Ana Wu: Prof. Canagarajah, could you tell us your background and how you became interested in being a professor?
Professor Canagarajah: I am from a small island called Sri Lanka in the middle of the Indian Ocean. It used to be called the Pearl of the Orient, but is now a land of many woes (better known for the ongoing civil war, Tsunami, and poverty). I come from a family of teachers: both my parents were secondary school teachers. From my school days I loved reading. I also gradually discovered that I loved teaching (because of a shortage of teachers, older students are asked to teach lower grades in the secondary schools in my hometown). I love teaching because of the daily engagement with people (students). This is a wonderful opportunity to share ideas—share lives! I also found that this is a wonderful way to influence lives for the better. The engagement with students this way also enriched me intellectually, changed my ways of thinking, and opened my eyes to lives from different backgrounds and cultures. I am very committed to teaching: I was born a teacher; I’ll die teaching!
Ana Wu: You have written various articles about NNES issues. What do you think of the label “Non-native speaker” of English? Is there anything you would like to see the NNEST Caucus do or initiate?
Professor Canagarajah: The label served a purpose at one time to draw attention to those who spoke English from outside the dominant Anglo communities that traditionally claimed ownership over English. As globalization, the migration of people, and hybridizing of identities and communities become more pronounced, I don’t think the term is useful anymore. Scholars are questioning if there is anything called a pure native speaker in English. English is part of the linguistic repertoire and identity formation of millions of people from their birth. I grew up with English, Tamil, and Sinhala from my childhood. It is difficult for me to say if I spoke English or Tamil first. I can call myself a native speaker of Sri Lankan English if the terms are stretched a bit!
More importantly, the positive experience of being a multilingual is perceived in a defensive and negative way when we use the term “non-native” to describe ourselves. We don’t have to be some “nons”! We can label ourselves more positively and affirmatively. Besides, in using the label “non-native” we are still giving power and meaning to the outmoded concept of native speaker.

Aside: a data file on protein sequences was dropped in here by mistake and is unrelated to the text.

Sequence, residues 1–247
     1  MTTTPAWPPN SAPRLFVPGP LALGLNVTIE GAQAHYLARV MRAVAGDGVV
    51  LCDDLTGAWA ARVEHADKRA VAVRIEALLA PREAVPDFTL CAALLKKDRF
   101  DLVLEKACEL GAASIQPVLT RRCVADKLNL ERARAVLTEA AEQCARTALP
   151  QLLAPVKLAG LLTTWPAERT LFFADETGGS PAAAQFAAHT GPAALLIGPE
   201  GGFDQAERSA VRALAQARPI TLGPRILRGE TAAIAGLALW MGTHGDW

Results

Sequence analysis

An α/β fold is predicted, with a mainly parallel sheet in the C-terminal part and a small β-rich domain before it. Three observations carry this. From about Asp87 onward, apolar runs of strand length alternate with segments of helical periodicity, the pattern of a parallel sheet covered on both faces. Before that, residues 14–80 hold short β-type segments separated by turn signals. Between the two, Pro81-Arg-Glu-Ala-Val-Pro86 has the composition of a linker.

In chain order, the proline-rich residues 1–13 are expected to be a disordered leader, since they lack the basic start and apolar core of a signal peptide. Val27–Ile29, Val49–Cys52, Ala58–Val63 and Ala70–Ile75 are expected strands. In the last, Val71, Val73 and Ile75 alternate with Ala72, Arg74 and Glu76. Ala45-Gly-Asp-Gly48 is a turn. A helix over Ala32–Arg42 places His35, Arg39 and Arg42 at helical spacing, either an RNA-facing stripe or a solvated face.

The time has come for the NNEST professionals to move from the periphery of the profession to the center. It is time for us to argue that we represent the experience that is the norm for the majority of English speakers around the world—i.e., multilinguals for whom English is an additional language in their speech repertoire and identity. It is time for us to reshape pedagogy and linguistic theories to address the concerns of those who enjoy (or those who desire to develop) hybrid proficiencies and identities as we all do. The time to be defensive, apologetic, and even confrontational is gone. There are no more battles to be fought. There is the serious task of living up to our responsibility of making knowledge that is relevant to the majority of people in the world—multilinguals. Perhaps that’s the label we have to start using—not nonnative speakers of English but multilingual speakers of English.
Ana Wu: You have been the recipient of respectable awards, such as the Feliks Gross Endowment Award for the outstanding junior faculty in the CUNY system and the Presidential Excellence Award for Distinguished Research and Scholarship. What advice would you give to NNES novice teachers who are just starting their careers?